Those issues have been dealt with on Origins Connor. Lambert may have the most distinctive forehead and brow line in the history of the universe and it's all been captured quite well. Combined with the lack of too much facial roundness and you have one pretty spot-on likeness.

My only real issue with the head sculpt is the hair. It certainly obvious that it's supposed to be hair, but it's just a little to soft and under detailed. It almost looks a bit like melted chocolate. It's not a huge deal, but noticeable enough for me to justify taking off that half star from the score.

Paint - ***
What little paint there is on the figure itself are on the head, and it's all very neat and clean. The hair is entirely painted with one shade of brown, and it would've been nice to see them do a little more with it. A subtle wash of lighter or darker brown may have helped cover up some the issues I mentioned regarding the hair sculpt.

Articulation - ***
Sideshow's standard body has a terrific amount of articulation, so it's no surprise that Connor here is mondo articulated. The hair doesn't block the ever so important ball jointed neck making it easy to pose him with whatever "attitude" you desire. The boots, however, hinder the movement at the ankles a bit making it a little tricky getting him to stand on his own in some action-oriented poses, thus the loss of half a star. Otherwise, the joints are not too loose or too tight making posing him a synch.

Outfit - ***
The costume is made up of five elements: shirt, "sash", kilt, belt, and boots. Yes, like any good Scotsman, he is going commando.

The shirt is appropriately simple. It works, and frankly I don't really have much more to say about it.

The sash (yes, I know it's not really a sash, but I don't really know what else to call it. I guess I should research kilts a bit more) has a snap underneath the brooch for easy removal. If you look closely at the part where the fabric from the kilt comes through the brooch it's actually painted on. It took me a while to notice that.

The kilt is something I was always a bit concerned about. I feared that it may look a little goofy at this scale. Maybe even look a bit like a schoolgirl's skirt or something.

Thankfully, they've pulled it off quite nicely. It has just the right hang to it. There is a snap on the side, although I've never taken it off.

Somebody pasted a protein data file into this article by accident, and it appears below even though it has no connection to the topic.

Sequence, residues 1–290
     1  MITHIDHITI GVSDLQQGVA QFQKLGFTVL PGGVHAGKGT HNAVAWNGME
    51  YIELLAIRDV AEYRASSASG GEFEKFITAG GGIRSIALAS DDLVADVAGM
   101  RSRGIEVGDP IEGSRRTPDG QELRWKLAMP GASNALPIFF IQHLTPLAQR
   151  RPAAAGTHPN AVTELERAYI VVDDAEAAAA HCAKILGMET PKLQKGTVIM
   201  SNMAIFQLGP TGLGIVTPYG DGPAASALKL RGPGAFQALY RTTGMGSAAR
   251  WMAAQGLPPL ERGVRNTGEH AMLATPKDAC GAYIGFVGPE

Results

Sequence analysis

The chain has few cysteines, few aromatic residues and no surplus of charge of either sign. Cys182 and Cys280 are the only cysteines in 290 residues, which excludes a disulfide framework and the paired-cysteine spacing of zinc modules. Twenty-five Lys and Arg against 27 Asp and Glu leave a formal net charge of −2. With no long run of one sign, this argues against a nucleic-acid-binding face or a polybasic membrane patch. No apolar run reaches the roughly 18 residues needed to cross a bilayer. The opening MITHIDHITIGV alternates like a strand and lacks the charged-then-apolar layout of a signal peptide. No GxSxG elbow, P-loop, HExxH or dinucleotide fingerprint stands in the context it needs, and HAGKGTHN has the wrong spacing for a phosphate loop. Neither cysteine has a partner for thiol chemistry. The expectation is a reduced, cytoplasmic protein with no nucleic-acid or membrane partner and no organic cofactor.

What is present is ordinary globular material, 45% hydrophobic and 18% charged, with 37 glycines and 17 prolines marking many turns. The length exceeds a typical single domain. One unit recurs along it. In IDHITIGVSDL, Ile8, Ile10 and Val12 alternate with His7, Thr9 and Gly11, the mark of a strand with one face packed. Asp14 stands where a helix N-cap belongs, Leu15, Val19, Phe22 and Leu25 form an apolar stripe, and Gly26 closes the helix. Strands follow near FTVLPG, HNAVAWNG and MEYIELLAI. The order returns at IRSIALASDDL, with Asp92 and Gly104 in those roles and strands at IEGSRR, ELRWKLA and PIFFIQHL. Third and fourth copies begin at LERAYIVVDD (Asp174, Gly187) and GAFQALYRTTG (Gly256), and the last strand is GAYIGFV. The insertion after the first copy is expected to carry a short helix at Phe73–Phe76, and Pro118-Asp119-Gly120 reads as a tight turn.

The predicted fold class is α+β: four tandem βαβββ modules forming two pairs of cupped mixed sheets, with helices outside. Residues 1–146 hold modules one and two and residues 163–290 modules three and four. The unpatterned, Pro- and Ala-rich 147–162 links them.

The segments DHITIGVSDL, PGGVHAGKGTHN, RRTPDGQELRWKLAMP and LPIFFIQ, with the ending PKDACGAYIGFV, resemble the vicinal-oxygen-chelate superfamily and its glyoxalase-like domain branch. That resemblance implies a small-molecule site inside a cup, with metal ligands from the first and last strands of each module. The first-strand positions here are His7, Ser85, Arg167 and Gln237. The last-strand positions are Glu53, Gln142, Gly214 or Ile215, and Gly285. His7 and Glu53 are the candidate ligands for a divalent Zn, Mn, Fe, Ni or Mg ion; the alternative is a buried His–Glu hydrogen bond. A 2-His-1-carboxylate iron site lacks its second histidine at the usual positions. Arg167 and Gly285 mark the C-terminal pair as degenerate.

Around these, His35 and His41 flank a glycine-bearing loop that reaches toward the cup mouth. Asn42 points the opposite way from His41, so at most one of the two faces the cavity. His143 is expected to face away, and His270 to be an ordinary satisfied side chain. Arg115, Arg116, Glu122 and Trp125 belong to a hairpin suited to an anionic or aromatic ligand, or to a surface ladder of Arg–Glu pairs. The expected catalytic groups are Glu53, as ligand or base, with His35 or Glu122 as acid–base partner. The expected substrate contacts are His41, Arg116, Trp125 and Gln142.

The belt is made of very thin faux leather. The buckle can be adjusted, but I'm afraid to mess with it too much since if feels like it may be a bit flimsy. One of the little studs on mine is missing.

The boots are made of sculpted rubber and faux leather cuffs and straps. They also aren't very much like the ones Connor wore in the movie, which appeared to be made out of animal pelts. They do a least look plausible as something someone in the Scottish Highlands in the 1500's might have worn, so I guess that 's something. As I mentioned previously, they do interfere with ankle movement a bit. So that, combined with inaccuracy, lost the outfit a star.

Accessories - ***
The exclusive version of the figure comes with four accessories: The MacLeod claymore, the Ramirez katana, a Highlander logo stand, and a leather jerkin.

I have some issues with what is probably the most important accessory, the MacLeod claymore. It seems to be based off of a replica of the sword that is currently available on the market rather than the sword that was actually seen in the movie. It's very similar to the movie sword, but there are noticeable differences. The shape of the blade is different, the handle is different, and most obvious, the hand guard is too small. The guard of the movie sword is much bigger and it gives the sword a much meaner and more lethal look. Take a look at the picture on the box and you'll see what I mean.